A Day in the Life of a Cancer Care Coordinator – Sophie Lockwood’s Blog

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Leeds GP Confederation’s Cancer Screening & Awareness Programme, funded by Yorkshire Cancer Research, aims to tackle health inequalities by encouraging more people in Leeds to take part in cancer screening.

To help achieve this we are working with eight Primary Care Networks (PCNs) in areas of the city with the highest levels of deprivation. Each of these eight PCNs have appointed ‘Cancer Care Coordinators’ who help support people across the city to take part in screening.

To find out more about our Cancer Care Coordinators we asked Sophie Lockwood, Cancer Care Coordinator in Middleton & Hunslet PCN, about her role, and why programmes like this are so important.

What inspired you to become a Cancer Care Coordinator?

When I was little, a family member was diagnosed with cancer. Luckily, after the right treatment, they are now in remission. Growing up around cancer made me realise how scary the process of diagnosis and treatment is and I’ve always wanted to give back to the services that helped get my family member well again. I feel really fortunate to be able to work within my local community to raise awareness of the national screening programmes so that there may be more people like my family member who beat cancer.

What does a Cancer Care Coordinator do?

My job is to find out who isn’t coming to their bowel, cervical and breast cancer screening appointments and figure out how I can help them to change that! I offer lots of information and reassurance surrounding cancer and the screening programmes and do my best to answer any questions that people may have so that they feel comfortable enough to come and get screened. I work with the community as well as the local GP surgeries to put things in place to raise awareness of the cancer screening programmes and hopefully get more people screened.

Why is the work that you’re doing important?

There are more people in Yorkshire who are diagnosed with and then die from cancer than many other parts of the country – this is why it’s so important to increase awareness of the national screening programmes – if cancer is detected in its earlier stages, there is a much higher chance of treatment being successful. I also like to think that I can be a comfort to people who are unsure or anxious about getting screened.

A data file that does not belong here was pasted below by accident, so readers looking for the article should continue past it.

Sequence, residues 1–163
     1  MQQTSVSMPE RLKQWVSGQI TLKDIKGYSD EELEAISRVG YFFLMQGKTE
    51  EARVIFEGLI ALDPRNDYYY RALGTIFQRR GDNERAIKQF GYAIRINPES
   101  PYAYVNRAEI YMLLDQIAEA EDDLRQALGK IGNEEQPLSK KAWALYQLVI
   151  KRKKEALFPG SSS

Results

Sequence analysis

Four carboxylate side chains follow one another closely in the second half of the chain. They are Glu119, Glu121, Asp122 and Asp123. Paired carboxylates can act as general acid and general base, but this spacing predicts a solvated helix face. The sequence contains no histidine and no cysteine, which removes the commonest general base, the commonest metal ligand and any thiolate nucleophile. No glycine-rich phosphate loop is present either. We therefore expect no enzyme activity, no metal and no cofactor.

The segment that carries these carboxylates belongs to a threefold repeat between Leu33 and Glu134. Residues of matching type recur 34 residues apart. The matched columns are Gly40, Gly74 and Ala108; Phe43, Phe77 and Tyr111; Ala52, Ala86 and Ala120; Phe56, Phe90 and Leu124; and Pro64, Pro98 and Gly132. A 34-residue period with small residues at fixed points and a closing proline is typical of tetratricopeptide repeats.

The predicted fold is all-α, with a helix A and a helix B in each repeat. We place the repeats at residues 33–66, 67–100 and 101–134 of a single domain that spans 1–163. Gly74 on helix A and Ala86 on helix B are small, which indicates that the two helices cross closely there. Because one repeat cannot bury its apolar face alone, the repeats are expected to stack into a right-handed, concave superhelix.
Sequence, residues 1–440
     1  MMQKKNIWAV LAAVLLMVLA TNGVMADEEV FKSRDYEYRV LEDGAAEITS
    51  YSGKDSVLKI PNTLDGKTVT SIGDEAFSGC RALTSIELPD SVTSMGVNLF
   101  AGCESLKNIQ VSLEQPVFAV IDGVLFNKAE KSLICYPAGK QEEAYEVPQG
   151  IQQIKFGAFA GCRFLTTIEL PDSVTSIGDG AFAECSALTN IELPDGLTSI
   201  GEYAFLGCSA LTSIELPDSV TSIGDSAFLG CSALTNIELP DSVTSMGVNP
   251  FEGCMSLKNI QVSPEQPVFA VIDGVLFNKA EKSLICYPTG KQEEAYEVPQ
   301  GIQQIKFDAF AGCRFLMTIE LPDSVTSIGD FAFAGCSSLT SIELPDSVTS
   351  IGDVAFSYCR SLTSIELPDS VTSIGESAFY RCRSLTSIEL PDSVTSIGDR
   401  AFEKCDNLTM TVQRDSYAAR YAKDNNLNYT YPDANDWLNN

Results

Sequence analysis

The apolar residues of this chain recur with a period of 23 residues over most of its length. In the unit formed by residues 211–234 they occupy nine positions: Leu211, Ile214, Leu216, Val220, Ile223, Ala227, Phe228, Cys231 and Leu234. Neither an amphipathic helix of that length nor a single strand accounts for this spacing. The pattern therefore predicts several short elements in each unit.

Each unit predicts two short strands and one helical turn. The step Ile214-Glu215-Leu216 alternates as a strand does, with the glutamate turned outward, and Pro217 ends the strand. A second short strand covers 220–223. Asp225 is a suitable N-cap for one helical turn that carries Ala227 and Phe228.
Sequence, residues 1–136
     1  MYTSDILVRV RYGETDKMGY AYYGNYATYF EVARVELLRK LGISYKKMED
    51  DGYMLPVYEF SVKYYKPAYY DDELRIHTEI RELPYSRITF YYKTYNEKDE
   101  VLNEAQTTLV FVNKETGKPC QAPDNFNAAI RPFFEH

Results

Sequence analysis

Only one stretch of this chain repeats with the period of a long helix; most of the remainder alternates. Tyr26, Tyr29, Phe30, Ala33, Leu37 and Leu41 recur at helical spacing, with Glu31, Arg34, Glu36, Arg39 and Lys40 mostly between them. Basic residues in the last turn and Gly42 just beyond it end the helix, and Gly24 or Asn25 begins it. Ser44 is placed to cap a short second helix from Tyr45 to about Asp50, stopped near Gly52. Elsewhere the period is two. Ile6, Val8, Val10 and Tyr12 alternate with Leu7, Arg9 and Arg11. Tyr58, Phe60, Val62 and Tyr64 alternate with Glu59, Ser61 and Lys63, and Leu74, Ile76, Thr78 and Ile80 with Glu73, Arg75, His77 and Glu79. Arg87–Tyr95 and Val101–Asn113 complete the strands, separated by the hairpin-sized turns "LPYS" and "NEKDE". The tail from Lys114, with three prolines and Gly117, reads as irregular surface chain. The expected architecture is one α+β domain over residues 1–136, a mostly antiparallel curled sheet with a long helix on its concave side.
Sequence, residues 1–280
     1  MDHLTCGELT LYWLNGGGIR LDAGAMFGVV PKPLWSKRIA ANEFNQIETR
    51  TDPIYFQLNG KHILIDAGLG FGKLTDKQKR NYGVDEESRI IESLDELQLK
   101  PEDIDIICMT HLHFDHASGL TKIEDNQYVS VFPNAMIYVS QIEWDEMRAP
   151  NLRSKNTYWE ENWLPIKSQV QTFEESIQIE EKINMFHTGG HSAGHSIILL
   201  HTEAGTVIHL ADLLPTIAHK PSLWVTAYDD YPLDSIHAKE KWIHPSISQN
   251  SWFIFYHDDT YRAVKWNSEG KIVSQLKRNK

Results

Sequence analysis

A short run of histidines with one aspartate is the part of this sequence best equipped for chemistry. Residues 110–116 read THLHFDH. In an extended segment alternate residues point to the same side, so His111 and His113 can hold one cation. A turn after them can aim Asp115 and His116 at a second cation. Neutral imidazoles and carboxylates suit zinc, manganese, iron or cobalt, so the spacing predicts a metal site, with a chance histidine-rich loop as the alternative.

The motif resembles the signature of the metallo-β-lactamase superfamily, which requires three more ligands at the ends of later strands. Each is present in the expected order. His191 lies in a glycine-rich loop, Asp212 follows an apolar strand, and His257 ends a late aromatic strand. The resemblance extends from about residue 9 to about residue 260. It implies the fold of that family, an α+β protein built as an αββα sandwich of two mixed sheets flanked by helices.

What would you say to people who are hesitant to attend their screening appointment?

I believe one factor putting women off breast and cervical screening is that they think they have to ‘go it alone’. Screening providers are happy for women to being a friend or family member in to screening appointments for support, alternatively providers have specially trained staff to accompany people to their appointments, which can sometimes be helpful!

If you’re uncertain of anything, staff are always happy to answer any questions you may have regarding your screening appointment. If you have any additional needs or if there’s anything we can do to make you feel a bit more comfortable, let us know prior to your appointment and we’ll do our best to accommodate you.

What are you most proud of in your role?

Taking on this role has allowed me to meet a wide range of dedicated people, I’m proud to know that there are so many people who whole-heartedly dedicate their career to raising awareness, funding and offering support to people living with cancer. I’m especially proud of everyone over at Yorkshire Cancer Research who are helping to fund such important programmes, such as the Cancer Care Coordinator programme.